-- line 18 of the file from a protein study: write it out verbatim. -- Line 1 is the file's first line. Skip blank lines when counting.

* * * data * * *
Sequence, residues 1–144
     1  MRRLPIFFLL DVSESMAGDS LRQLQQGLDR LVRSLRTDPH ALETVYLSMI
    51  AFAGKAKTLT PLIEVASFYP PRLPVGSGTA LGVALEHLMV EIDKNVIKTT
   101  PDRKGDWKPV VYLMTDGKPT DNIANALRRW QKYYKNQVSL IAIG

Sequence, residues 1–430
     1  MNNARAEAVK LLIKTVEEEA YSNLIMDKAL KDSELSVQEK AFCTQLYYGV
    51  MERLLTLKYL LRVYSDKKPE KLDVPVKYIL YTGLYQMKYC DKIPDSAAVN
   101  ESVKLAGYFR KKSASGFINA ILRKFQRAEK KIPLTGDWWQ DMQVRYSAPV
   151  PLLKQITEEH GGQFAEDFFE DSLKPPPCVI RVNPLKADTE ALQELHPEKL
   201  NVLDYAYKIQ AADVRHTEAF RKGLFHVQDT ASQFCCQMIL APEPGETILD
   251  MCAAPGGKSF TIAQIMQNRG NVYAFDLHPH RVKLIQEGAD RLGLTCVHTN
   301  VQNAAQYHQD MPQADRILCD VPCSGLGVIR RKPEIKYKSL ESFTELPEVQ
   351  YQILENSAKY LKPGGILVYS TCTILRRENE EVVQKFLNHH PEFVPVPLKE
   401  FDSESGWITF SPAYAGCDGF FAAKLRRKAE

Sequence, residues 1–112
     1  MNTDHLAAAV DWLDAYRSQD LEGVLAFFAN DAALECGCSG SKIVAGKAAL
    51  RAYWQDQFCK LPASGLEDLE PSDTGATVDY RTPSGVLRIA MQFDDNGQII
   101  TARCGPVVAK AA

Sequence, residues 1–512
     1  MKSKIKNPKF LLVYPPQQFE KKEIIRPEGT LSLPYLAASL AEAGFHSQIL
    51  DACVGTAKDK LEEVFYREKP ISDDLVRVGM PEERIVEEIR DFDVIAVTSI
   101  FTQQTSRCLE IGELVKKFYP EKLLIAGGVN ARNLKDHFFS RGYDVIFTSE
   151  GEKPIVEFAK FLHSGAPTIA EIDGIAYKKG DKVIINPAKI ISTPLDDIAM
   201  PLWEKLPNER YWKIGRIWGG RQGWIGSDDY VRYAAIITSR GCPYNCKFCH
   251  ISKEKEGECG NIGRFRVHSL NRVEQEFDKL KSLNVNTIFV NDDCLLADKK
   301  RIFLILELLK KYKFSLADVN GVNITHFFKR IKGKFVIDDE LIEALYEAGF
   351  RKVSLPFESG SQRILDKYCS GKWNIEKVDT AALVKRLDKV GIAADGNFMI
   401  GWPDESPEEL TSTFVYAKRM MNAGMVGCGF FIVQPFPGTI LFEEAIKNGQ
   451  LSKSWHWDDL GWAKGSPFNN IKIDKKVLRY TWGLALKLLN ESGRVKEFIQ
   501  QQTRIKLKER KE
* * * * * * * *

   101  TARCGPVVAK AA